Wes Welker took the long, hard road to NFL prominence. Undrafted by the Chargers in 2004, Welker was cut after the first game of the season. He spent the next two years climbing the depth chart at returner and receiver in Miami before breaking through, eventually becoming a star in New England in 2007. He now sits atop several NFL records. He holds a few Patriots and Dolphins franchise records, and some impressive league-wide marks, too, including the most seasons with at least 100 receptions (four).
In the five years Maurice Jones-Drew has been in the NFL and with the Jaguars, he has set eight franchise records. Last season, he led the NFL in rushing and set the Jaguar record for rushing yards in a single season at 1,606 yards. He's another player on the list who was discounted because of his size, but he's consistently been one of the best players in the league since being drafted in 2006.
Drew Brees has a weighty list of NFL records, and he added a big one in 2011, toppling Dan Marino's single-season passing mark with 5,476 yards. After five years with the Saints, Brees holds 30 franchise records. But it goes beyond the numbers. Brees is well-known for being the heartbeat of the Saints and New Orleans, turning both the franchise and city around after Hurricane Katrina ravaged both. During the 2011 lockout, he famously organized player-only workouts, paying the way for each player to stay in New Orleans during the offseason.
London Fletcher went from undrafted in 1998 to second in most consecutive NFL starts at 179. In 2011 alone, Fletcher started all 16 games and led the league with 166 combined tackles. That's an amazing feat for a 37-year-old linebacker. And he's been amazingly consistent, with 11 straight seasons of 125-plus tackles.
In his 10 seasons as a starter for the Patriots, Tom Brady helped guide the team to 124 regular season and 16 postseason wins and five Super Bowl appearances -- all NFL records. Brady is one of two players -- the other being Joe Montana -- to win the NFL MVP and Super Bowl MVP awards multiple times. Since taking over for Drew Bledsoe in 2001, Brady has gone from unheralded sixth-round pick to perhaps the best quarterback of all time.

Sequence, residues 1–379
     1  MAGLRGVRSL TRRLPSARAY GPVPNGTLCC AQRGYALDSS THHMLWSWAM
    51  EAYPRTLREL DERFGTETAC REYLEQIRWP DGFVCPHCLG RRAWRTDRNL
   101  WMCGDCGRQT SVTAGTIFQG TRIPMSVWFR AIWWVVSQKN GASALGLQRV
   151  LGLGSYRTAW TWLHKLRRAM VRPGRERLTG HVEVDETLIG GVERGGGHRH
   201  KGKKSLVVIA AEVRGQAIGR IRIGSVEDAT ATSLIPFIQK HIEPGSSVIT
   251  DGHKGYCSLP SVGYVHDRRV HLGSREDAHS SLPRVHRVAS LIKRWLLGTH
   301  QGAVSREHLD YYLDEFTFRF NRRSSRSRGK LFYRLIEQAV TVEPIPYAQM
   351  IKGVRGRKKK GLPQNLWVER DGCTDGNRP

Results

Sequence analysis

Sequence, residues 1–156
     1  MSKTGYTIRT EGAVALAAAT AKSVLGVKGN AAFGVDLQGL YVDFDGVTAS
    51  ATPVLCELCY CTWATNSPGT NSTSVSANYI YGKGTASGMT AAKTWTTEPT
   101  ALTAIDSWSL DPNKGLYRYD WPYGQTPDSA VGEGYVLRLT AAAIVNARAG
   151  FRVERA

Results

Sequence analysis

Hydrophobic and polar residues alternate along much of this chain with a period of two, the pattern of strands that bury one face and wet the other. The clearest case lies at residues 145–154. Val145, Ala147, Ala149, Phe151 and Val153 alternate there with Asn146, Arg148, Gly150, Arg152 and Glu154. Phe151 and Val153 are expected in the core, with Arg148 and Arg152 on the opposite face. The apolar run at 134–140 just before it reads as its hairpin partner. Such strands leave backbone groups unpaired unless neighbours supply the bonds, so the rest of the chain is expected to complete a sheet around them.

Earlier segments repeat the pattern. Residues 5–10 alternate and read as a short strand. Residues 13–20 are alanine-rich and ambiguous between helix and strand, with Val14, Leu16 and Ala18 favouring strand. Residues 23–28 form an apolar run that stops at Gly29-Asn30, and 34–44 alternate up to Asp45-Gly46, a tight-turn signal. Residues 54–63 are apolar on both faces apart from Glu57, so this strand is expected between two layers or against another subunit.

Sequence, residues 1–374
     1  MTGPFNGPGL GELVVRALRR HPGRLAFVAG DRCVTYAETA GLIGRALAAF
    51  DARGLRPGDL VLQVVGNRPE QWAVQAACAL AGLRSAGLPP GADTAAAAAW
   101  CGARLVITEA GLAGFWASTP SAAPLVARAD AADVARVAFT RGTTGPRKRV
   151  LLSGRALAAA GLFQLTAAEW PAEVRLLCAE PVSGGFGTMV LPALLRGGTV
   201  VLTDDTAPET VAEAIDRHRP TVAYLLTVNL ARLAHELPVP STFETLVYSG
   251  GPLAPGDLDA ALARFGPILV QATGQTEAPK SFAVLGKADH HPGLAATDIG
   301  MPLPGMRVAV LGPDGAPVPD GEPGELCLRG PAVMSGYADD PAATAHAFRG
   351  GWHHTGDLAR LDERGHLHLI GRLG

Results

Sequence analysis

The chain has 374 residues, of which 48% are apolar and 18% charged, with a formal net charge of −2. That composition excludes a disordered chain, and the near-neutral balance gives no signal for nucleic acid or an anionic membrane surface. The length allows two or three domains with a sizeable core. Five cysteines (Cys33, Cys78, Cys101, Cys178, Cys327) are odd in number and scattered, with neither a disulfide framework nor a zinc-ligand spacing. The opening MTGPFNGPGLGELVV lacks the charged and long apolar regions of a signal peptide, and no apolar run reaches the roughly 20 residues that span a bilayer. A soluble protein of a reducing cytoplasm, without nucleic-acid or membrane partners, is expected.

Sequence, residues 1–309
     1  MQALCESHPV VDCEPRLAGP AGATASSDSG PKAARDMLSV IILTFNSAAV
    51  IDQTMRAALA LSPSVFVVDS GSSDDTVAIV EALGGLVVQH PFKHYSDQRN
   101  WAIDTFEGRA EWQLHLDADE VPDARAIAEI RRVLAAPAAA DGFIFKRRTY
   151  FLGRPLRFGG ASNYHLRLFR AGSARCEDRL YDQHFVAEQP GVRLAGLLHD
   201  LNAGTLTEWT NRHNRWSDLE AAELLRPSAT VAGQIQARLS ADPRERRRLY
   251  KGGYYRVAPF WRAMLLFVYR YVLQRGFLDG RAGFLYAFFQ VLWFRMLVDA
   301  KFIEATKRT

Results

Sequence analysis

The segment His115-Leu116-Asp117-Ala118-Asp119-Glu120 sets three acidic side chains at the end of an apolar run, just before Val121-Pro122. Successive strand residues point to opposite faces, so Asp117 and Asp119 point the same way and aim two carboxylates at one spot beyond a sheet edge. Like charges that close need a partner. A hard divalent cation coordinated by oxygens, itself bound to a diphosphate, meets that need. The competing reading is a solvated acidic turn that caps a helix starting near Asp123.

Jason Pierre-Paul was considered an athletic freak, but incredibly raw when he was drafted in 2010, but he has worked to become one of the best defensive ends in the league in two short seasons. He appeared in all 16 games right away, then saw a dramatic spike in 2011 with 16.5 sacks, fourth-best in the league.
Marques Colston became an unlikely star in 2006, advancing quickly from a seventh-round pick to a Week 1 starter, receiving more votes for Offensive Rookie of the Year than more celebrated teammate Reggie Bush. When he was drafted, there was speculation he was too big and slow to play receiver, but in the six years since, Colston has become Drew Brees' go-to target, posting five 1,000-yard seasons over that span.
Steven Jackson, the Rams' all-time leading rusher, is the model of consistency and determination. A workhorse back in an era where few exist, Jackson has taken a pounding carrying the load for the Rams. But through the injuries -- and a few seasons in which he was the only player defenses had to pay attention to -- Jackson has topped 1,000 yards in the last seven seasons.
The man's got a motor that never stops. One of the more intense, electric and entertaining players in the league, Jared Allen is also one of the best pass rushers. He's topped 10 sacks in six of his eight seasons, almost breaking the single-season sack record in 2011 with 22. Along the way, he's been named to four All-Pro teams, and is on the list of the 50 Greatest Vikings of all-time despite only being on the team for four seasons.
James Laurinaitis has only been in the league for three seasons, but he's a real throwback NFL player and one of the league's emerging stars. The linebacker has topped 100 tackles in all three of his seasons, while also showing a knack for playing in coverage. He's yet to make a Pro Bowl team, but that honor will surely come sooner than later, given how Laurinaitis plays with a fearless, all-out attitude.